Focus on ‘us’ may script Parsi turnaround

Be Responsible. Don’t use a condom tonight.

With India bursting at the seams, there is probably only one community in the country for which this slogan holds true. And to arrest the fall in Parsi population, Jiyo Parsi, the organization working with support from the ministry of minority affairs, on Sunday held a workshop in Kolkata. The approach here was straightforward and practical.

Katy Gandevia and Pearl Mistry from Jiyo Parsi got the ball rolling by encouraging people to have more babies. It isn’t easy, particularly for the Parsis where everybody has an opinion (10 opinions, Gandevia believes). According to Mistry, the rate of divorce among the Parsis are high as many women are not ready to stay in joint families after marriage.

“There is so much of ‘Me’ in all of us that feelings for the community have come down. The Centre has allotted Rs 10 crore for five years. This means that we can spend Rs 5 lakh on every couple. The problem in the community is that girls get married late as they are independent by nature. By the time they settle down, they have few reproductive years left. We have had cases where hyper or hypo thyroid has prevented women from becoming pregnant. Jiyo Parsi urges all women to get screened and seek medical assistance if required. The costs will be reimbursed. The project also pays for artificial intervention,” Gandevia said.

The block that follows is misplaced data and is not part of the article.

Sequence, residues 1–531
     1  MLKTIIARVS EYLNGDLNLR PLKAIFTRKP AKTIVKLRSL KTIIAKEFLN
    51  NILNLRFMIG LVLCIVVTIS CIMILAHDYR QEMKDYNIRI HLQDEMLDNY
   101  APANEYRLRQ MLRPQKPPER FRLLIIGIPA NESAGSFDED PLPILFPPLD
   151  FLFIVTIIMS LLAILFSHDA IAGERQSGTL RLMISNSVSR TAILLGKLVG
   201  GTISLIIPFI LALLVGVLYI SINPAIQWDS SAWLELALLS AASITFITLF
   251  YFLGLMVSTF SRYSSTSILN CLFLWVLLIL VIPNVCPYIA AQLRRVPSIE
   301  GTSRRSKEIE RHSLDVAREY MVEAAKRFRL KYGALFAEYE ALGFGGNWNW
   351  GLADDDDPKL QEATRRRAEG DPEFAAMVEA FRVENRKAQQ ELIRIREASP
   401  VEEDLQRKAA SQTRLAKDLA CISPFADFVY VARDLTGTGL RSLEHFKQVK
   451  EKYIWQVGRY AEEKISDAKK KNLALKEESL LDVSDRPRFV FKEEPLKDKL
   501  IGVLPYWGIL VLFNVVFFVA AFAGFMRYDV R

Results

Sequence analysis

A gynaecologist was also invited to discuss issues concerning pregnancy and age.The doctor also told young women how she has succeeded in managing a successful career as well as a good family life. This is one of the major concerns among Parsi women. “The worst part in a woman’s life is between 25 and 35 years. She has to manage a career while there are concerns of leaving her family and settling with her in-laws. Women can’t keep on blaming others. They should have the inner desire and shouldn’t be afraid of marriage. It is a challenge that they have face and fight. A major cause for cancer among Parsi women is their unmarried status,” the doctor said.

The effort was appreciated by the Parsi Zoroastrian Association (PZA) in Kolkata. According to president Darius Bapooji, the workshop will not only help youngsters to go in for marriage and children, even families will be encouraged to work for the growth of the community. “The family is very crucial in our community. It is good that the family is part of the workshop. People also learnt of educational loans for Parsi children from our own trusts. This will allay fears that parents may have about their children’s futures,” he said.

Published on Times Of India